Dental patients in Scotland are facing waits of up to four and a half years for treatment, it has emerged, prompting claims that the service is being treated as an “optional extra” by Scottish ministers.
People in Grampian face the longest waits in the country, although patients in Tayside who wait of up to two years.
The figures were obtained through Freedom of Information by the Liberal Democrats in Scotland, who warn the lengthy delays risk “disrupting patients’ lives”.
The British Dental Association Scotland has said the Scottish Government must “take responsibility” and tackle the issue.
They reveal that the longest outpatient waits in Scotland last year was 243 weeks – over four and a half years – in Grampian for oral and maxillofacial surgery. This is a field which covers children who are born with deformities of their skull or surgery in young adults following an injury or accident, as well as older people with mouth cancers and skin tumours.
A wait of 131 weeks was recorded in Tayside, while a 51-week wait was recorded for restorative dentistry in Orkney and there are waits of more than 40 weeks in Shetland and the Borders.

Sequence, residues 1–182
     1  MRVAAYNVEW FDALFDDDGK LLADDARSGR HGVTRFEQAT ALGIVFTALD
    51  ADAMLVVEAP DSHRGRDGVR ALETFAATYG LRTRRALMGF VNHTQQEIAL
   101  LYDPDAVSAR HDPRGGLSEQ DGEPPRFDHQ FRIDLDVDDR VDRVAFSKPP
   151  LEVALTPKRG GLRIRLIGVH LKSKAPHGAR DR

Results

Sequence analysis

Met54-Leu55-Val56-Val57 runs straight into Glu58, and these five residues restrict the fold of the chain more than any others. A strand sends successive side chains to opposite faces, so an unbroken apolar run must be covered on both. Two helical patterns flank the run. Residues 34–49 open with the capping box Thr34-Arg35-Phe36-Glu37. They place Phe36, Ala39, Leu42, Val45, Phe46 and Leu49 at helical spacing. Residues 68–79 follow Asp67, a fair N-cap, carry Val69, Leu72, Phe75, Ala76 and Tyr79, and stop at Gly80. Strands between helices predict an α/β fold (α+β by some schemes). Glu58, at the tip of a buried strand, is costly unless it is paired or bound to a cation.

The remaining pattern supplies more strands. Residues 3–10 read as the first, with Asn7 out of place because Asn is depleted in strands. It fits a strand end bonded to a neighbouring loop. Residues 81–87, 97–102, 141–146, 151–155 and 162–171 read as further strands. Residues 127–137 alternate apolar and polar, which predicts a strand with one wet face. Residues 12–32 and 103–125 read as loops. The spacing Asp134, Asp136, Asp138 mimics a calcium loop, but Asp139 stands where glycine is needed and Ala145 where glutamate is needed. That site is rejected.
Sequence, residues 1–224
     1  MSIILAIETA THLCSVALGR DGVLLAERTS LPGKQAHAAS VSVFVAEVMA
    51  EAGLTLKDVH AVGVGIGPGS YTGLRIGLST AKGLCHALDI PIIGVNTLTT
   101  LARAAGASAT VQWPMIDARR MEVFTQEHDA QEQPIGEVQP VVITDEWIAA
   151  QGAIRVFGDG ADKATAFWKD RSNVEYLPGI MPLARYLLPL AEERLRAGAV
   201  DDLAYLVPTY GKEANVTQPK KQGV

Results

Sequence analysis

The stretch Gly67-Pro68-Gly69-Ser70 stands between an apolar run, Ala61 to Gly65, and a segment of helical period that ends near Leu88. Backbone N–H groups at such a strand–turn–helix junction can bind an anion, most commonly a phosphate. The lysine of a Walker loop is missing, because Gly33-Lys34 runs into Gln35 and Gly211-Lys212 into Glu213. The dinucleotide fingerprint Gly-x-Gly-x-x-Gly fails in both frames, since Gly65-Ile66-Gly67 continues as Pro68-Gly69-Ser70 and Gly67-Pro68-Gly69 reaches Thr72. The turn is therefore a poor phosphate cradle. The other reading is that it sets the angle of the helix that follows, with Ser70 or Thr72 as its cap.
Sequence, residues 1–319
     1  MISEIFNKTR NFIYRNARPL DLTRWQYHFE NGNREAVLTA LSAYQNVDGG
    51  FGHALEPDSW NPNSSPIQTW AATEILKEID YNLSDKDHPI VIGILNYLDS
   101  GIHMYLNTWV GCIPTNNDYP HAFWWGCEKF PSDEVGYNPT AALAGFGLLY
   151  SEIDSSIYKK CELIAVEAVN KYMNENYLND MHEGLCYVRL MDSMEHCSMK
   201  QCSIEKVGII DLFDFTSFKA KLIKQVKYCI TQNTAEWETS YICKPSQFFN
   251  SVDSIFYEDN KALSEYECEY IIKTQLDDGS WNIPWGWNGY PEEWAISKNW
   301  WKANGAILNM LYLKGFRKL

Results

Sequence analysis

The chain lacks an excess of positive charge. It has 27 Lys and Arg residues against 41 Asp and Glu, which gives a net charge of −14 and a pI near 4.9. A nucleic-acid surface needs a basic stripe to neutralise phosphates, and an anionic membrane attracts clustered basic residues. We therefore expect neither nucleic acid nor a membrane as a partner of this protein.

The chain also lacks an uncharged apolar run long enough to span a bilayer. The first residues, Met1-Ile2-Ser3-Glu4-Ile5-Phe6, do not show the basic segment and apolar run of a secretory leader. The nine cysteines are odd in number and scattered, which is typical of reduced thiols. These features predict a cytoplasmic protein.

David McColl, chair of the British Dental Association’s Scottish Dental Practice Committee, said:
“Patients shouldn’t be waiting eons for life-changing surgery. These procedures can help restore both functionality and appearance to a patient’s teeth and mouth after cancer or serious injuries.
“Years of underinvestment and failure to support high street practice are heaping huge pressures on our hospitals. Ministers can’t go on treating dentistry as an optional extra.”
Inpatients also faced lengthy waits, according to the figures, including up to 126 weeks in Grampian and 40 weeks in Forth Valley and Fife. Waits of up to 39 weeks were recorded in Greater Glasgow & Clyde and 38 for oral surgery in NHS Borders.
Lib Dem health spokesman Alex Cole-Hamilton said: “These new figures have shed light on the staggeringly long waits some patients face for important dental treatment. In many cases such lengthy delays are seriously disrupting patients’ lives.
“Across Scotland, dental consultant vacancies are going unfilled and patients are left waiting. The most recent official figures confirm a ‘noticeable drop’ in NHS dental staff, down almost 15 per cent in the past five years.”